Norma McCorvey, most notable for being the plaintiff known as Jane Roe in the 1973 landmark supreme court case Roe v Wade that led to abortion becoming legal in the United States, made a stunning admission just before her death in 2017, it has emerged.

“This is my deathbed confession,” she explained.

In a documentary that is premiering on Friday and is already making waves, McCorvey admits that her infamous reversal on abortion rights “was all an act”.

McCorvey, who died from heart failure at the age of 69, revealed her role as an anti-abortion advocate was largely funded by ultra-conservative groups such as Operation Rescue. She went on to describe herself as “the big fish” in a “mutual” propaganda campaign.

McCorvey gained notoriety with the help of evangelical Christian leaders like Operation Rescue’s founders the Rev Flip Benham and the Rev Rob Schenck. The conservative film Roe v. Wade, starring Jon Voight and Stacey Dash depicted McCorvey’s “conversion” in the famous case of the same name.

“I took their money and they’d put me out in front of the cameras and tell me what to say. That’s what I’d say,” she said. “I did it well too, I am a good actress.”

The documentary, called AKA Jane Roe, showing on FX, explores McCorvey’s tumultuous upbringing that entailed incidents of alleged abuse and neglect. She experienced a short-lived marriage as a teenager before a decades-long relationship with girlfriend Connie Gonzalez.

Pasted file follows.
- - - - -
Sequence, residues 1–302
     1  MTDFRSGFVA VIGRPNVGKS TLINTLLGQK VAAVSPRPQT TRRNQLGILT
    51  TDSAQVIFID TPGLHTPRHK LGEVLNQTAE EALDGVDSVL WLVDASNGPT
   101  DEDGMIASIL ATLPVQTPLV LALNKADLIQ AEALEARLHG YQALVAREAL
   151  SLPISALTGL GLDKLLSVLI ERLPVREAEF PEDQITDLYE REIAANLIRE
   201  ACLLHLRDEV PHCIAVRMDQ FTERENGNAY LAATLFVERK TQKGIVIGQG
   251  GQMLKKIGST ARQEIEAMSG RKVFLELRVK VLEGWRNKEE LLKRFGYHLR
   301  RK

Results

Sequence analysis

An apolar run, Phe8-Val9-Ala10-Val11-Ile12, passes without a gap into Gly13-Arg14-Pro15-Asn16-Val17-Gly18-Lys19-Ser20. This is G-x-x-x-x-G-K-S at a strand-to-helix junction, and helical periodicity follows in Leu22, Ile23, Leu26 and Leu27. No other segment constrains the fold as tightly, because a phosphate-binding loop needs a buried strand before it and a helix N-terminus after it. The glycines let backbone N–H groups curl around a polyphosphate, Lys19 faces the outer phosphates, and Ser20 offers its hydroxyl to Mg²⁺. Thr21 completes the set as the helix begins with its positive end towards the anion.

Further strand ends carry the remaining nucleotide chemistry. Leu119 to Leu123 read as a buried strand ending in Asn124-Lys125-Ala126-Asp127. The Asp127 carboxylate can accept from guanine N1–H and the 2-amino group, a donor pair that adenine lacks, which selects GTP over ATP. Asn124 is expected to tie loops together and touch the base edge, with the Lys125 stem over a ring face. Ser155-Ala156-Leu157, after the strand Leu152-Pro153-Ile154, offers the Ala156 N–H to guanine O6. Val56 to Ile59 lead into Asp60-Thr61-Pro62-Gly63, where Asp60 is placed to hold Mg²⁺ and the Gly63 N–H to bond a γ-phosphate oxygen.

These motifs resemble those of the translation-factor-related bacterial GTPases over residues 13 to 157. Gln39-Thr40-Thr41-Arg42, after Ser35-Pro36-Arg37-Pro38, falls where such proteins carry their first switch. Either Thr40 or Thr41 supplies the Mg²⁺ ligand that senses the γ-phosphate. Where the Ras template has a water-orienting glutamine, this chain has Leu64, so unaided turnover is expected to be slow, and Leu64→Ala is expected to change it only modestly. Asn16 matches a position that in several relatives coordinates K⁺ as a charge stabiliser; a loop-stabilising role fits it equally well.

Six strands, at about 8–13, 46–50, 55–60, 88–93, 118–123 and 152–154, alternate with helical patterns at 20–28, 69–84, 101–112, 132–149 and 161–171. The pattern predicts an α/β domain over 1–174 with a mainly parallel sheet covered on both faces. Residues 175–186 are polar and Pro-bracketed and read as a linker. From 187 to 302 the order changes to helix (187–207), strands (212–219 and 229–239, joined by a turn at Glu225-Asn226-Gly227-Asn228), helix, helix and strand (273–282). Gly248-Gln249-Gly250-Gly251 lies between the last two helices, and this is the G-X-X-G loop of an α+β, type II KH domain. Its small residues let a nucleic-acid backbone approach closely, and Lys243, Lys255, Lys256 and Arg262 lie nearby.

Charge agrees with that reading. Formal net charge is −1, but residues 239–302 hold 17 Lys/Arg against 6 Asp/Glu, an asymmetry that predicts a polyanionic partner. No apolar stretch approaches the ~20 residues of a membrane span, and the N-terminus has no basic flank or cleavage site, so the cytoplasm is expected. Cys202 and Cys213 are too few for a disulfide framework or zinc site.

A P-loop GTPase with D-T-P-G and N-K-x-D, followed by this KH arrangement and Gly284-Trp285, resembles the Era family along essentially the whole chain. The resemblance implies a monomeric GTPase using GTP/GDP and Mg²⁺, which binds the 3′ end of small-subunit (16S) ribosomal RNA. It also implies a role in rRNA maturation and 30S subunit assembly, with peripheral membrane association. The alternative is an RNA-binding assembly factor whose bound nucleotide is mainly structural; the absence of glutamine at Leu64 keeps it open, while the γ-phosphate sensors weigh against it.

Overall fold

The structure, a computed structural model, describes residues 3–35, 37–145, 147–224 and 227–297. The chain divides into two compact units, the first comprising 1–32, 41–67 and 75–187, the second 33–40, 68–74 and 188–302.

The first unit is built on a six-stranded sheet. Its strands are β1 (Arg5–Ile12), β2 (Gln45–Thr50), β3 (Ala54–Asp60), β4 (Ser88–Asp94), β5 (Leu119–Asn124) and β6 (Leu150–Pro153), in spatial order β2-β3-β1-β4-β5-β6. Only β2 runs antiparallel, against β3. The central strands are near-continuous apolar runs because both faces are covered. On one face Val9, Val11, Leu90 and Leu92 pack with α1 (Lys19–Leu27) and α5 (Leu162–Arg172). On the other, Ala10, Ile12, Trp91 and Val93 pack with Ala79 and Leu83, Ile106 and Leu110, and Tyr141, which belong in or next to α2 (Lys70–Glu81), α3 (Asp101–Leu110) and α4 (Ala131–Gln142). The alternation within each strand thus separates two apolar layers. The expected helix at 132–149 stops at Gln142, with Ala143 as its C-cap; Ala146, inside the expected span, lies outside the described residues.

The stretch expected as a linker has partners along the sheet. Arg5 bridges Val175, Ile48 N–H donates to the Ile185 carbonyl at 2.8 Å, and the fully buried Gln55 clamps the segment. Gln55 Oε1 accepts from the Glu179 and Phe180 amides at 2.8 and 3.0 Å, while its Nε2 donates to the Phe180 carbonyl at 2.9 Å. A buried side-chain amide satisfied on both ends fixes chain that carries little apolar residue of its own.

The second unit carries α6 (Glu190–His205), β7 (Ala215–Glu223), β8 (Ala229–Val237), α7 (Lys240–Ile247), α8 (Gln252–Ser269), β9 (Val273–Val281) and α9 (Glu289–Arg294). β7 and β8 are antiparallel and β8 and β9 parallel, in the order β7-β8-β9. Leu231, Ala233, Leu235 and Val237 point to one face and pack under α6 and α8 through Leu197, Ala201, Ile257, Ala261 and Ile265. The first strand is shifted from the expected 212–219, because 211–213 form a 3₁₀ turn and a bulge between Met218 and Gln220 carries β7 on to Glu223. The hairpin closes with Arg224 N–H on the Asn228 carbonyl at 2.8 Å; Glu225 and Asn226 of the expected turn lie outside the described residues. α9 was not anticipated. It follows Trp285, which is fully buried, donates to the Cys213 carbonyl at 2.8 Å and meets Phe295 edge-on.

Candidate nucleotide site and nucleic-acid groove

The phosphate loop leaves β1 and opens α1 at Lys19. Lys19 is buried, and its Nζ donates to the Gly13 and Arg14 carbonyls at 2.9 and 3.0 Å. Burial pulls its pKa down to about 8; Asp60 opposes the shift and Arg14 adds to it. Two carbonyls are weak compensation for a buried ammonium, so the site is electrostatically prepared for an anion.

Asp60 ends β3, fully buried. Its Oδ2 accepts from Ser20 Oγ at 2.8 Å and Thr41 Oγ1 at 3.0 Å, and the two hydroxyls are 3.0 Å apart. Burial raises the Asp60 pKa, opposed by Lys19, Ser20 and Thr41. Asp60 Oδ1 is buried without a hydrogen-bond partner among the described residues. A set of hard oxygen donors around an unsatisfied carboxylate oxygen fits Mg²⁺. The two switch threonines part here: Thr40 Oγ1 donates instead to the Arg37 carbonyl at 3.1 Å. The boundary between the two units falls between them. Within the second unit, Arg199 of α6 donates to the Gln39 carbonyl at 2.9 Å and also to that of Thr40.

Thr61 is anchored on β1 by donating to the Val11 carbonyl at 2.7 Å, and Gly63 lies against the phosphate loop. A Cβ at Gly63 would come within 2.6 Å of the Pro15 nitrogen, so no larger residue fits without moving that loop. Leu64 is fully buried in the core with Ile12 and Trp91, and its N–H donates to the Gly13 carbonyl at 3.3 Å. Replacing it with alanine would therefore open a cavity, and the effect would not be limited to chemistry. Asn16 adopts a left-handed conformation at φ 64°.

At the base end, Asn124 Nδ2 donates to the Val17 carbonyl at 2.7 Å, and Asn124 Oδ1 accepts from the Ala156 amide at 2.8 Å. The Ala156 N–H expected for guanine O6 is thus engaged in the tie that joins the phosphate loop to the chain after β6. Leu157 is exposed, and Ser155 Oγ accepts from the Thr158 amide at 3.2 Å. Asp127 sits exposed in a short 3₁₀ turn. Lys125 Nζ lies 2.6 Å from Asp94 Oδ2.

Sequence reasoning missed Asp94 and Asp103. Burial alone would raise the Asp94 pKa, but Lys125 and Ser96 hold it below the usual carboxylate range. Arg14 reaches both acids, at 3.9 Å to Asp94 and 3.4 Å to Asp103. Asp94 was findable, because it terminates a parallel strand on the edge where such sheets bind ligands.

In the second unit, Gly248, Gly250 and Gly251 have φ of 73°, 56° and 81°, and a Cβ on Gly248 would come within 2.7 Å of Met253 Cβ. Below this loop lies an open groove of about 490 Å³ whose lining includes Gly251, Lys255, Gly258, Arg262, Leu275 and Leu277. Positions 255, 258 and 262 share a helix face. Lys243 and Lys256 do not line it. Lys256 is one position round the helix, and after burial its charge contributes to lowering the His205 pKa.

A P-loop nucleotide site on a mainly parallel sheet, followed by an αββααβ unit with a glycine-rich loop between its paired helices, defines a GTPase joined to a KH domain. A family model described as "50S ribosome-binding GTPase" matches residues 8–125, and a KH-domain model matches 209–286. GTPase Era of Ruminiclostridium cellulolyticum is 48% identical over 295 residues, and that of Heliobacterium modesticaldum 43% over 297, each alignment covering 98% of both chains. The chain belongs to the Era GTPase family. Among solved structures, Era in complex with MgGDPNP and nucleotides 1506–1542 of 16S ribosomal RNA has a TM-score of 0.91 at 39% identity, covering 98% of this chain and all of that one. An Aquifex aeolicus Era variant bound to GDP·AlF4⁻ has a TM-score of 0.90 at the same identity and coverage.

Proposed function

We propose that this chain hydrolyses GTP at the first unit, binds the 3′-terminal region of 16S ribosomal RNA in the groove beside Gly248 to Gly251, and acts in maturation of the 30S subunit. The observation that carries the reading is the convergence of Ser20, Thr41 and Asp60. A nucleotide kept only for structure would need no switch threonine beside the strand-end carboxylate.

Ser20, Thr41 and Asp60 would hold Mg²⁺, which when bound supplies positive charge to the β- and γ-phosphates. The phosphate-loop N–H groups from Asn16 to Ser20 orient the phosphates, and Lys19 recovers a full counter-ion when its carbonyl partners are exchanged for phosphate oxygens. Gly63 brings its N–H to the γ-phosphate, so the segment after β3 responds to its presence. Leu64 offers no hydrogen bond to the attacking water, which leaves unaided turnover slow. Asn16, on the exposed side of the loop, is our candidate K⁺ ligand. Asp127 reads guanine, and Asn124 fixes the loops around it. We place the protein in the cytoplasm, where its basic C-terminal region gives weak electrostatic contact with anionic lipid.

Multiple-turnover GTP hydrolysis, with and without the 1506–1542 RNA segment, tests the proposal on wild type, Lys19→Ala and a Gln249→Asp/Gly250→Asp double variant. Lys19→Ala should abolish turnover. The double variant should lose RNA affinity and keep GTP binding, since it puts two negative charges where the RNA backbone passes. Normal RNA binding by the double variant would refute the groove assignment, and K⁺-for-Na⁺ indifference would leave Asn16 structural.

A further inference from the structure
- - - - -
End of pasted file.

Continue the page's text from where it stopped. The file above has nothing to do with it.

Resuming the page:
The documentary reveals McCorvey received at least $450,000 in “benevolent gifts” from the anti-abortion movement.

Included in the documentary also are scenes from the presidential election night in 2016, depicting McCorvey’s disappointment as Democrat Hillary Clinton lost to Donald Trump.

“I wish I knew how many abortions Donald Trump was responsible for,” she quipped in the scene. “I’m sure he’s lost count, if he can count that high.”

Wow: Norma McCorvey (aka “Roe” of Roe v Wade) revealed on her deathbed that she was paid by right-wing operatives to flip her stance on reproductive rights.

So, like many right-wing operations, it turns out a huge part of the anti-choice movement was a scam the entire time.

Nick Sweeney, who directed the film, told the Los Angeles Times its goal was not to add to the abortion debate, but to explore more of the life of a woman who he described as an “enigmatic person at the center of this very divisive issue”.

“With an issue like this there can be a temptation for different players to reduce ‘Jane Roe’ to an emblem or a trophy,” he said. “Behind that is a real person with a real story. Norma was incredibly complex.”

In the film, the Rev Schenck, after viewing McCorvey’s confession, confides he “never heard her say anything like this” but that movement leaders knew what we were doing, adding “there were times when [he] was sure she knew”.

“I wondered, ‘Is she playing us?’” he said. “What I didn’t have the guts to say was, ‘because I know damn well we’re playing her’.”

McCorvey’s opinion toward abortion evolved throughout much of her life, but what stayed consistent was the feeling she was used as a pawn by both sides in the debate.

As far as her thoughts on abortion at the time of her death, McCorvey made sure to set the record straight: “If a young woman wants to have an abortion, that’s no skin off my ass. That’s why they call it choice,” she said.

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